Coron is a municipality in the province of Palawan, Philippines. It comprises half of the Busuanga Island, Coron Island, and dozens of islets that are part of the Calamian Archipelago. Thanks to its stunning beaches, dive sites, and other natural attractions, the economy of Coron is largely based on tourism. Over the years, Coron has established itself as an excellent scuba diving destination, particularly among wreck divers.
Coron has often been described as the best wreck diving in Southeast Asia. For long somewhat of a secret destination, now more and more scuba divers flock to the area for its fantastic underwater world. The shipwrecks are well preserved, and since most are located in shallow water, they are suitable for the majority of recreational divers.
Diving in Coron is possible year-round, but it’s recommended to avoid the wet season (July through October) because of the heavy rain. November through June offers the best diving conditions.
The water temperature in Coron is consistently warm, ranging from 27° C/81° F to 30° C/86° F depending on the season.
The intensity of the currents in Coron varies from mild to strong depending on the location.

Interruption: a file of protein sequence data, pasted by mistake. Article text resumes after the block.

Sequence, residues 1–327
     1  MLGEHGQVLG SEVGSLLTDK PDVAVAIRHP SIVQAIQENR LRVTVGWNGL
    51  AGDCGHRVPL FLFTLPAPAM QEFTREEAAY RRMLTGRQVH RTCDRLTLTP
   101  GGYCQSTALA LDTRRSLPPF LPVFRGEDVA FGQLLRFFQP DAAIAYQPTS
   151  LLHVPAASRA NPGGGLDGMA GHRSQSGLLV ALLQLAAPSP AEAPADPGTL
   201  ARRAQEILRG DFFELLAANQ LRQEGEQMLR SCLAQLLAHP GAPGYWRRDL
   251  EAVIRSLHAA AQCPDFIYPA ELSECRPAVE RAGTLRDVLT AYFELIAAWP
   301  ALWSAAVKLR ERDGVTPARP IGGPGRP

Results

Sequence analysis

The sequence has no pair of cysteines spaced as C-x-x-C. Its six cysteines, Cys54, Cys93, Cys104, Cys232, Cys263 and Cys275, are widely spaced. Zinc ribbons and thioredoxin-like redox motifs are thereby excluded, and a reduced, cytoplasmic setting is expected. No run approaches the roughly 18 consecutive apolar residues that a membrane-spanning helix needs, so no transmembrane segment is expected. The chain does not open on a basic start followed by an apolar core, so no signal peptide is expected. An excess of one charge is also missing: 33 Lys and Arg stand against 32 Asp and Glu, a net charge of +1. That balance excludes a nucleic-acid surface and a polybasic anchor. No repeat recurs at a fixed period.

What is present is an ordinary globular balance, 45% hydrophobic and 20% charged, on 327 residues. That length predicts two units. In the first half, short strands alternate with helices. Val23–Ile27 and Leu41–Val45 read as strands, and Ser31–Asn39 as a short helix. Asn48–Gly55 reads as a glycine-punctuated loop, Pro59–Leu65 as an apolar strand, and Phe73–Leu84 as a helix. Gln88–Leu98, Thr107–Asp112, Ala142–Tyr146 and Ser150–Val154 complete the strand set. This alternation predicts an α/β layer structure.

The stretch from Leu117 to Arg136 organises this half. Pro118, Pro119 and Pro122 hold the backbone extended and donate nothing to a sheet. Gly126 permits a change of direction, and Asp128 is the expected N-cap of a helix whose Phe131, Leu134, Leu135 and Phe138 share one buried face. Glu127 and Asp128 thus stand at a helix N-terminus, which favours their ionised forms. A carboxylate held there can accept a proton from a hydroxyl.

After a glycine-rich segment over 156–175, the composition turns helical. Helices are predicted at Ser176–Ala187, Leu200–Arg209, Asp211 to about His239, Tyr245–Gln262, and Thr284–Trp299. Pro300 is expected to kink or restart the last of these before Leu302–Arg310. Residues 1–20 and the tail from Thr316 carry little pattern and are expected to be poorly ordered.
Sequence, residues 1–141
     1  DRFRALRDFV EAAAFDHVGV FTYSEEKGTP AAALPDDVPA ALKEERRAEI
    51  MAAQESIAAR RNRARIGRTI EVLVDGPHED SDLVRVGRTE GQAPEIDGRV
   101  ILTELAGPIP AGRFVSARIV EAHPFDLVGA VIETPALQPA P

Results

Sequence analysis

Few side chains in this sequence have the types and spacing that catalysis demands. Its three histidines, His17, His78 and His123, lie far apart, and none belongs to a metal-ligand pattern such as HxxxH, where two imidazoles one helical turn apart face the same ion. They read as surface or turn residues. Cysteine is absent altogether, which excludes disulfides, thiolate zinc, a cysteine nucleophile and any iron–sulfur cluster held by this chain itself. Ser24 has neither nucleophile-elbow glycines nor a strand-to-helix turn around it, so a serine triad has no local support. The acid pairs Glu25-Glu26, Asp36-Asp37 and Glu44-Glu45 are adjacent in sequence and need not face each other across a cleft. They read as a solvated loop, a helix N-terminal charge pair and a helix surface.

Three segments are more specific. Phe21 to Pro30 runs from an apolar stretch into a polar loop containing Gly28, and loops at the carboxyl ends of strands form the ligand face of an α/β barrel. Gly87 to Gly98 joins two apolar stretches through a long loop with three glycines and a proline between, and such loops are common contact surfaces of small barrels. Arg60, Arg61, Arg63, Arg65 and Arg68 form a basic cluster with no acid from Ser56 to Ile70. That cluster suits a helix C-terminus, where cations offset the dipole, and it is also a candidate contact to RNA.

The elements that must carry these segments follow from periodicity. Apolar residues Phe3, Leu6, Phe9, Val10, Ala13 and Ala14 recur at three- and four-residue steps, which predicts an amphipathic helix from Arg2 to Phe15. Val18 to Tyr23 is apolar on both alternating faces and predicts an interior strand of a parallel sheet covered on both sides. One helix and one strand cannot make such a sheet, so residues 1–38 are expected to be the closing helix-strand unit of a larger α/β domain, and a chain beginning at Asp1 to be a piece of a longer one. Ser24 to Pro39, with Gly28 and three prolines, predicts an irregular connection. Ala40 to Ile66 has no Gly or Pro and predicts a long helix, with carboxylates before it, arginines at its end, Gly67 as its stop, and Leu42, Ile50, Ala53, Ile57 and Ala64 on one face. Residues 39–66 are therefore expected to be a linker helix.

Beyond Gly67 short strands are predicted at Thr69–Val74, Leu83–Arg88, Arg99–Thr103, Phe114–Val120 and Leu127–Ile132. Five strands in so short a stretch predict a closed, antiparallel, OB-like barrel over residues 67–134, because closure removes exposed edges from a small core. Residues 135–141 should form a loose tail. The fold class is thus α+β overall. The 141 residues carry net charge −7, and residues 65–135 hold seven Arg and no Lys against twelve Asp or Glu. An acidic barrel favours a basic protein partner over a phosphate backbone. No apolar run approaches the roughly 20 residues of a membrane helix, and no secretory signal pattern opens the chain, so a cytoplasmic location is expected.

The underwater visibility in Coron is typically from 7 meters to 20 meters (23-66 feet) but can reach up to 24 meters (80 feet) depending on the location and time of the year.
Also known locally as the Luluyuan Lake, this unique dive site is located inside a volcanic crater and features a mix of freshwater and saltwater. Barracuda Lake also has a reverse thermocline, so as you descend, the water gets warmer and warmer. Other interesting features of the lake include the silky bottom and the limestone formations found on all sides. Plus, even getting into the water is an adventure, as you need to gear up and go on a short hike to reach the crater. As for the barracudas, there aren’t that many, but that’s not why divers come here, anyway.
Akitsushima is a seaplane tender that was first hit in an attack on Chuuk Lagoon but managed to remain afloat only to be later sunk in an attack near Coron. The wreck is still in pretty good shape, lying on its port side in 22 to 36 meters (72-118 feet) of water. The seaplane it carried disappeared in the explosion following the attack, but the huge crane that lifted the seaplane is still visible, and so is the antiaircraft gun near the seabed.
The Skeleton Wreck is one of the most popular dives in Coron due to its shallow depth that allows anyone, including snorkelers, to get a glimpse of this tiny ship. As the name implies, all that’s left of it now are the ribs, keel, and stringers. Nonetheless, the coral growth on the wreck and abundant marine life make it an excellent spot for underwater photographers.
The largest of the wrecks in Coron, Okikawa Maru is a leviathan tanker found in shallow water which also makes it accessible to snorkelers. The shipwreck is covered in corals and sponges, and there’s plenty to see in terms of marine life around it too. There are a number of entries that allow for penetration and the front, bent part of the wreck offers an impressive swim-through.
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